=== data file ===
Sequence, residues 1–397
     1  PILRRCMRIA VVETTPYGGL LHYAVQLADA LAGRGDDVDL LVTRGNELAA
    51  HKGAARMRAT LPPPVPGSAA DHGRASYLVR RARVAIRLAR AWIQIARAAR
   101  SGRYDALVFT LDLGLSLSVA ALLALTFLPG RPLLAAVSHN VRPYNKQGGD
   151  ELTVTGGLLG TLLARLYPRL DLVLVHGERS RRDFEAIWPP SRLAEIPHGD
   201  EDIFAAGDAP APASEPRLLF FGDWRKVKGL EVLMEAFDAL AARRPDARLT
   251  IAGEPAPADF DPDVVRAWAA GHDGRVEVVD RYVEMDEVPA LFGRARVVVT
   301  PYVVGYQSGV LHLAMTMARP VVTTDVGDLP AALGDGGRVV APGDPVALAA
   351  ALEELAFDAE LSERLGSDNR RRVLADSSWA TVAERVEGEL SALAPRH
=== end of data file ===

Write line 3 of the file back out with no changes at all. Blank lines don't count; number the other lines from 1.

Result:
    51  HKGAARMRAT LPPPVPGSAA DHGRASYLVR RARVAIRLAR AWIQIARAAR